It started with a visit from my friend Sarah, her book recommendation ("Making Ink; A Forager's Guide to Natural Inkmaking" by Jason Logan), and a walk up the butte behind our new house. (We've moved back to Montana since my last entry). The hills around us are covered in a yellow flowering shrub called Rabbitbrush that Sarah said was sometimes used to dye wool and cotton. So we picked some of the flowers, and I started experimenting. First with inks (which are basically natural dyes that you concentrate by evaporating off the water). I made ink from the rabbitbrush, from cotoneaster berries, crab apple bark and the mapleseed pods in our back yard. I kept a notebook:
and painted and used dip pens:
You can get amazing colors from plants. Avocado seeds and skins make the most incredible blood red. The problem with getting dye colors from plants is that many of them are not stable. They are often pH sensitive (the cotoneaster berry ink is a lovely purple in the bottle, but turns grey as soon as it hits the paper) and they can also be fugitive (which means they fade in the light). The yellow rabbitbrush ink test strip I have in my sunny studio window has faded to about half of its original color. Avocado is also a fugitive color, unfortunately. But so far, the mapleseed pod ink is staying strong.
But here's the cool thing - you can turn your plant dyes into something called lake pigments - which are solid pigments that you can grind and turn into watercolor paint, or oil paint, or egg tempera. And sometimes the lake pigment of a particular color is more stable than the dye is. More on that in the next post!
A move across the country, and a rediscovery of an old medium.
Storm Clouds, Aroostook County Pastel on paper 7" x 8"
Sunset, Aroostook County Pastel on paper 11" x 11"
My friend sarah has a coloring page you can dowload and print. It was a fun way to spend a cold and snowy afteroon.
A recent watercolor commission for a friend:
And a video experiment from photographs taken during the process:
Found a small inexpensive wooden box that seemed perfect for some miniature art supplies. Not sure how functional it will be (a true Pochade box carries all your supplies and allows you to work on the inside of the lid), but I'm giving it a shot!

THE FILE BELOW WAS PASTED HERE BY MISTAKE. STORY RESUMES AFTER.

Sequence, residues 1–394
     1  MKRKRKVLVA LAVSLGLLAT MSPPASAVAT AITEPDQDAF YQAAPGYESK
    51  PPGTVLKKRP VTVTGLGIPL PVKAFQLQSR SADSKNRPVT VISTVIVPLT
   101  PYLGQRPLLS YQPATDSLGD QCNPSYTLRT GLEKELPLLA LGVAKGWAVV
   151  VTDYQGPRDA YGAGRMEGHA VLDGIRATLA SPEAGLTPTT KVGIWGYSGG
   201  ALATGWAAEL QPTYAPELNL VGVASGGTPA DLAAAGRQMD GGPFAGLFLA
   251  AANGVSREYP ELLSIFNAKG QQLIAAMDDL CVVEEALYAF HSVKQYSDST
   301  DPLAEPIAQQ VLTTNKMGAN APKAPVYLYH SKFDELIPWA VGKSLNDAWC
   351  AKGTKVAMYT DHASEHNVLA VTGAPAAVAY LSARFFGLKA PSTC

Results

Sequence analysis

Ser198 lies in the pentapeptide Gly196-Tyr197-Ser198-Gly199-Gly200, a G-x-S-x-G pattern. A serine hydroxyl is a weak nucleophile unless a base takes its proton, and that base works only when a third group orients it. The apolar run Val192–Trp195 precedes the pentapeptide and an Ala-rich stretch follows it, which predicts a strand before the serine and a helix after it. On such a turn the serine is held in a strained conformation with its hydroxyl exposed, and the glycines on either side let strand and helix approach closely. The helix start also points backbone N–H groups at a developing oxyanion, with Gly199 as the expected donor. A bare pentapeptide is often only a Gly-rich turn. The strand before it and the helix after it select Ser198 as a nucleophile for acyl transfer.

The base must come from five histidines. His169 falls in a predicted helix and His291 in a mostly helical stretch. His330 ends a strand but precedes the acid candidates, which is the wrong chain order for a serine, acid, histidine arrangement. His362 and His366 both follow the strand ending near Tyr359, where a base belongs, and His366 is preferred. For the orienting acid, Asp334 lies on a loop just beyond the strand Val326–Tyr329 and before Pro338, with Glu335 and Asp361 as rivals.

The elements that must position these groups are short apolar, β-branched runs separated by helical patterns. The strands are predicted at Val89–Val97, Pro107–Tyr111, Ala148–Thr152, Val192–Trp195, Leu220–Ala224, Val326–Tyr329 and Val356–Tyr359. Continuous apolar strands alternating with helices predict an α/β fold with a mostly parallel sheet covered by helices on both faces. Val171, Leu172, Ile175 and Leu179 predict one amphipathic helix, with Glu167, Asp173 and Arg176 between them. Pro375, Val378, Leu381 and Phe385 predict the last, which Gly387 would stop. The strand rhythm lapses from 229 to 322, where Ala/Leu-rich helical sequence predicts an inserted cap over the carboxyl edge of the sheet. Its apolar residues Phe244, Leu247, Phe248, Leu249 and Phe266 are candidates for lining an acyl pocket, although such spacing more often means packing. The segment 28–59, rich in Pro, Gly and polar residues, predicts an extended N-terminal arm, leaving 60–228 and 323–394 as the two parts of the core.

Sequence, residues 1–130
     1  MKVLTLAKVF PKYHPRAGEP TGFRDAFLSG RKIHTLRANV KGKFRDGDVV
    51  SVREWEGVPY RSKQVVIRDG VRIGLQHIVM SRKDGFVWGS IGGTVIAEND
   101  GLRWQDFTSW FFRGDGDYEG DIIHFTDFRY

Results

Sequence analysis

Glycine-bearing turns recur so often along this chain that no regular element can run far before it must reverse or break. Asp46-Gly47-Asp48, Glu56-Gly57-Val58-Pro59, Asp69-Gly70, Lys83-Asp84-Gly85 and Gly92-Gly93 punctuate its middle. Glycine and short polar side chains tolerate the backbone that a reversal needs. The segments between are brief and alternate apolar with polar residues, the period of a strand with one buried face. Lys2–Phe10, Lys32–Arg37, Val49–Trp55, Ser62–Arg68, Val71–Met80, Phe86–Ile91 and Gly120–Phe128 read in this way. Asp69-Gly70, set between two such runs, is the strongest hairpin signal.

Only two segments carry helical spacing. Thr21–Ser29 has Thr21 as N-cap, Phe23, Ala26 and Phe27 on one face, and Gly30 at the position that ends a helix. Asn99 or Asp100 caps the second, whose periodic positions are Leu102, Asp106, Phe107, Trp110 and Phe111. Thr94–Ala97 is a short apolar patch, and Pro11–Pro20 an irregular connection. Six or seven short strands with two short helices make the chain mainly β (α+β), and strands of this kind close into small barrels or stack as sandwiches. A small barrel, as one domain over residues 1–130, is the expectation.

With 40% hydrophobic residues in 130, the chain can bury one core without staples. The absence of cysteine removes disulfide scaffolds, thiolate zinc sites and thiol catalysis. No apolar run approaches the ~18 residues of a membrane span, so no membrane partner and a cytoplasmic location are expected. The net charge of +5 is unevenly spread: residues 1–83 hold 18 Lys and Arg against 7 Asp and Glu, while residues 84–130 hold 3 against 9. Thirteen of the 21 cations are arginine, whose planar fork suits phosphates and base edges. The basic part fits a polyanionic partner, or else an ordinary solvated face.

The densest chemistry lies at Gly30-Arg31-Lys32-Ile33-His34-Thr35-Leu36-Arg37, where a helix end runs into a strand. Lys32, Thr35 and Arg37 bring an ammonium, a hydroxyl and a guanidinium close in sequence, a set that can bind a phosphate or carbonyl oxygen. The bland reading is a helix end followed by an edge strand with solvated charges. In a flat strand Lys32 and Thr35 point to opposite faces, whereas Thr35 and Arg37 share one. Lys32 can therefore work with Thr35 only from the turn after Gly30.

Just had to carve out a place for the waterbrush to fit.
Those tiny artist trading card blanks fit perfectly in one of the spaces. (you can buy them in packs or cut your own, these are made watercolor paper, and are in individual plastic sleeves)
Added heavier hinges, gave the inside a coating of wax and rubbed some old oil paint and varnish on the outside.
Combining calligraphy practice with one of the mini watercolor palettes I've been creating. (Small tins and different kinds of oven baked and air dry clay) "Quin" stands for Quinacridone, a wonderfully vibrant pigment family.
I found the empty tin at the natural foods store, it is meant to hold homemade lip balm. I painted the colors on watercolor paper and glued and decoupaged the paper onto the lid.
Then I went a little overboard and made it all into a card...
Several others in progress. The little Altoids tins are great, and you can find all sorts of vintage tins at antique and junk stores. I've used Sculpey (which turns out nice and smooth, but it needs to be baked in the oven) and DAS, which is an air dry clay - it shrinks a little and has to be glued into the tin to keep it in place. A white glossy spray paint made for metal applied to the inside of the lid creates a nice white mixing surface (it helps to rough the surface up a little with fine steel wool first).
Took my mom's 1950's -ish Winsor Newton Watercolor palette camping with us on the Stillwater River a few weeks ago. Did some sketches by the river while Steve fished.
Still life sketch using pencil, a copic multiliner and some watercolors. The sketchbook is 6" x 4"